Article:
Tag Archives: script

Stamp Scrip

During the depression people  hoarded  cash with great vigor.  Prices were falling.  Employment was uncertain. it made sense to wait, if you could. And so, the velocity of money  plummeted.  Transactions deferred are equivalent to idle economic capacity; i.e. this kind of  hoarding  is codependent with a depression.  Money is like oil in the economic gears,  Drain it out, the machine ceases to turn over.  When the economic machine seizes up the puzzle is how to keep the oil in the machine.  Add more and the participants will just horde that as well.

During the depression there were multiple experiments with trying to force the money out of hiding, to increase it’s velocity.  For example: a village might issue scrip dollars, say by paying their employees with scrip.  This scrip can be converted at any time to real currency at 3% less than it’s face value; or at full value after a year.  So far this is just a local currency.  The next bit is the clever part.

This scrip requires some  maintenance.  Once a week, on Tuesday at noon, you have to affix a stamp to the dollar note, and these stamps cost a penny.  This creates an incentive to spend the bill quickly, so as to avoid the chore of affixing the stamp. There are stories of towns reborn after this kind of scrip was introduced; i.e. where entire area’s economy machine had ground to a halt and apparently all that was needed was to find a way to force the oil to stay in the machine.  These notes and stamps are a currency with a negative interest rate.  These schemes are a local version of the macro economic trick of adjusting the interest rate to control the unemployment rate.  I.e. you lower the interest rate to force idle currency into use as it’s owners seek a better return. There is a nice little book, a pamphlet really, written in 1933 about these schemes.  You can read it online: “STAMP SCRIP” By Irving Fisher (Professor of Economics, Yale University).  It has some fun stories in it.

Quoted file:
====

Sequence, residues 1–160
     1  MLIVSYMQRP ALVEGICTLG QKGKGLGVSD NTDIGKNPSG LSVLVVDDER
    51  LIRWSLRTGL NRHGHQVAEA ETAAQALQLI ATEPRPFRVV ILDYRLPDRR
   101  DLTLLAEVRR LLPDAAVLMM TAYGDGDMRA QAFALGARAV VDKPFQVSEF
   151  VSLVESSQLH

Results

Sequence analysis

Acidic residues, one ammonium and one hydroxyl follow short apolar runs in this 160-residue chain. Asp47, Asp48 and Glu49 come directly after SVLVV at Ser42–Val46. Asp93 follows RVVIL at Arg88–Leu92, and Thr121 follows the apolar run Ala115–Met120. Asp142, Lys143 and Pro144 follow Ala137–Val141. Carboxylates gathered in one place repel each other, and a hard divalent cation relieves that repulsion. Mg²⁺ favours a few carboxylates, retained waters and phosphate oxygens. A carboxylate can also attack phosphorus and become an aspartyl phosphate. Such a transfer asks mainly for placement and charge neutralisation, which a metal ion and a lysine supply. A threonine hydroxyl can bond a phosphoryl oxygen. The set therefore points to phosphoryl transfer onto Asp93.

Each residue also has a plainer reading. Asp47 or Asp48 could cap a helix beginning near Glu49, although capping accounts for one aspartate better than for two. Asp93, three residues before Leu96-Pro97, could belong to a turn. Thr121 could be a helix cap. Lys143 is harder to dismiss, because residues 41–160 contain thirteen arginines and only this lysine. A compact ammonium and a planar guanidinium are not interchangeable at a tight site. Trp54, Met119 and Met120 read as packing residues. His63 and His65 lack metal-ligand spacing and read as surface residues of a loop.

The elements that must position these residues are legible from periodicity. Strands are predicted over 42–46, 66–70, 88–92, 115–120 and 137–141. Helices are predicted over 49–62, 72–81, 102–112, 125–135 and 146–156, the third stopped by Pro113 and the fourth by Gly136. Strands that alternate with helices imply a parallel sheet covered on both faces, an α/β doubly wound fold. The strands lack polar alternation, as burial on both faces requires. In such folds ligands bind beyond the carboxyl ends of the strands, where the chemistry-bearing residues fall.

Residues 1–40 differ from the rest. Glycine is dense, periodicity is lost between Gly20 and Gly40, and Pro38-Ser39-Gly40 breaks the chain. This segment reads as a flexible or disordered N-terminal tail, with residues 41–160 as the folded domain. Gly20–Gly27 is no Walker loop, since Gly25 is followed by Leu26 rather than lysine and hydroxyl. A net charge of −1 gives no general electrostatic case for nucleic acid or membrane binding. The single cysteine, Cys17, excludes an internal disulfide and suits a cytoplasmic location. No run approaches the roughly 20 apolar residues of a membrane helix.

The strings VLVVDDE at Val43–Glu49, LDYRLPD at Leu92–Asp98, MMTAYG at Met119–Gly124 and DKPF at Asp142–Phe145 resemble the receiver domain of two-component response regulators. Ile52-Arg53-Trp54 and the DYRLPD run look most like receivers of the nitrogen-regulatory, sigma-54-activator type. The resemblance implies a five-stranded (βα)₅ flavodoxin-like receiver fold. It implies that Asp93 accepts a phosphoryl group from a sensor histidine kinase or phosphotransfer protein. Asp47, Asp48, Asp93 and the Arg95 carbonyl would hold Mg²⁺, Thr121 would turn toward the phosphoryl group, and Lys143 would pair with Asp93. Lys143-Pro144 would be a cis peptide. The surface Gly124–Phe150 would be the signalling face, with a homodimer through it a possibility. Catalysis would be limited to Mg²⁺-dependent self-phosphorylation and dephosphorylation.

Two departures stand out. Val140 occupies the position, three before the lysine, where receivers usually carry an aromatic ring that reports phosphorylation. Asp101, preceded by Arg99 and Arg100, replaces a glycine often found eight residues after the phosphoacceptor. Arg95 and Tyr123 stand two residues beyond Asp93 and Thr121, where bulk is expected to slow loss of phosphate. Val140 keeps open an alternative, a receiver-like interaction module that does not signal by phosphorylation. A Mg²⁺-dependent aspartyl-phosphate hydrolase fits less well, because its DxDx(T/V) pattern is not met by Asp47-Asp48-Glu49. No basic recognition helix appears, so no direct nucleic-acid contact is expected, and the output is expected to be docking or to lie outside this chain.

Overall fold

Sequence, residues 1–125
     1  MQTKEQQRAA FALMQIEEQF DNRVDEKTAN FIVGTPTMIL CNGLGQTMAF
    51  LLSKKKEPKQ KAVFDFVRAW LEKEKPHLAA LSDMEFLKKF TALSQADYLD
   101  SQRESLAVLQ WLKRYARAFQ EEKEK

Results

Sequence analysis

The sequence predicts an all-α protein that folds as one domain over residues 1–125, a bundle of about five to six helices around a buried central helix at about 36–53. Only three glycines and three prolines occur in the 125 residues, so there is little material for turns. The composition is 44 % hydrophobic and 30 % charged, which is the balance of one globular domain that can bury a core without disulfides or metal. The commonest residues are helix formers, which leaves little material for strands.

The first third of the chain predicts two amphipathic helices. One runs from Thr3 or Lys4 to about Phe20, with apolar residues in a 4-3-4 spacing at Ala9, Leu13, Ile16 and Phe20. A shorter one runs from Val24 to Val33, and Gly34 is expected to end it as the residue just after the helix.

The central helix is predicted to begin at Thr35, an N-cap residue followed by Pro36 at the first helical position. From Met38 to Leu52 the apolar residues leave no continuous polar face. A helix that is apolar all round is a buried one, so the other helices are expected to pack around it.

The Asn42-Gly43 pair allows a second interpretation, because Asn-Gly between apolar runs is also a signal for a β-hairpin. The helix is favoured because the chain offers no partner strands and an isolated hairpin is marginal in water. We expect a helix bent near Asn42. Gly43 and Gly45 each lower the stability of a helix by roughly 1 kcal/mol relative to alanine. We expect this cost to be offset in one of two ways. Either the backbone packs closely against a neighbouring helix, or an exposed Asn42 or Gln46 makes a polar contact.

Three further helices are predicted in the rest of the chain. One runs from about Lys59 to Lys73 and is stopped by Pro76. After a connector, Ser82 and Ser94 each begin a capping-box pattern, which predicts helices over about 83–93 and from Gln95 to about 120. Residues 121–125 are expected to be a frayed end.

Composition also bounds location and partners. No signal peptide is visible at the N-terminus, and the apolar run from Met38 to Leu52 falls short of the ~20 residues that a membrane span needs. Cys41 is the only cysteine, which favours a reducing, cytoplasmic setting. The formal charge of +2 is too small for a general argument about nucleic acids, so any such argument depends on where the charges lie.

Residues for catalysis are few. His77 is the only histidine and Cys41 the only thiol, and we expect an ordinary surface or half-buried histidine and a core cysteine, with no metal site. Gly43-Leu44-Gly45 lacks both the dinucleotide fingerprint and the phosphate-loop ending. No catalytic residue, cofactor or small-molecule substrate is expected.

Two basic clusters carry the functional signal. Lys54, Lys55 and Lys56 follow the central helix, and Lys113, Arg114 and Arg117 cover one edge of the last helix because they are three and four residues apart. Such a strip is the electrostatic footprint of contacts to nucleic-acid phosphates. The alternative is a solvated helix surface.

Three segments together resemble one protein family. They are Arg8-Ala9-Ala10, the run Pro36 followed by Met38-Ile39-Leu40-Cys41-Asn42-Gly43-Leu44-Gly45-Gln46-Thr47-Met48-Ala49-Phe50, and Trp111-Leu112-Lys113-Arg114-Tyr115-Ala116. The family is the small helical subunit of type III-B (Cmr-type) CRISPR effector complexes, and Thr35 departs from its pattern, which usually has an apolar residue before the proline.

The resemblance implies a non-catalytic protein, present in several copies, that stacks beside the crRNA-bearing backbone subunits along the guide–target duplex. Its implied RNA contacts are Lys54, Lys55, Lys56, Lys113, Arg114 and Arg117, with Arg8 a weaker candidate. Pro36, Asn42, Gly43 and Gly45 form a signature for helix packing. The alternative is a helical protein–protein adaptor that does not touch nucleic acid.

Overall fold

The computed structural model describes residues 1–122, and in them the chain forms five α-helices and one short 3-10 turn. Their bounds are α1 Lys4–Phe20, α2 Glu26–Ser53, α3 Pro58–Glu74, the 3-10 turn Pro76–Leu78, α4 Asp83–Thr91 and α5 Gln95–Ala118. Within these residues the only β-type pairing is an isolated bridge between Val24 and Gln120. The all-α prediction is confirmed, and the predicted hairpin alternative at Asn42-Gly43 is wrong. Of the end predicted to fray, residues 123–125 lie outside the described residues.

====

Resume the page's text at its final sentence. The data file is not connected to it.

Charles Zylstra, the enterprising man who first introduced Stamp Scrip to America (in a small western town) tells this story. A travelling salesman stopped at a hotel and handed the clerk a hundred dollar bill to be put in the safe, saying he would call for it in twenty-four hours. The clerk, whose name was A, owed $100 to B and clandestinely he used this bill for the liquidation of his debt, thinking that before the expiration of 24 hours he could collect $100 from his own debtor, whose name was Z. So this 100 dollar bill went to B, who, greatly surprised, used it to pay his own 100 dollar debt to one C, who (equally surprised) . . . and so on, and so on, all the way down to Z, who, with much pleasure, returned the bill to A, the clerk, who, in the morning, restored it to the salesman. And then did A, the clerk, stand petrified with horror to see the salesman light a cigar with it.  “Counterfeit,” said the salesman, “a fake gift from a crazy friend, Abner; but he didn’t put it over, did he?”

Many failed attempts to add money to the system using scrip are mentioned, but many failed because they didn’t include this trick with the stamp.  This story is full of lessons: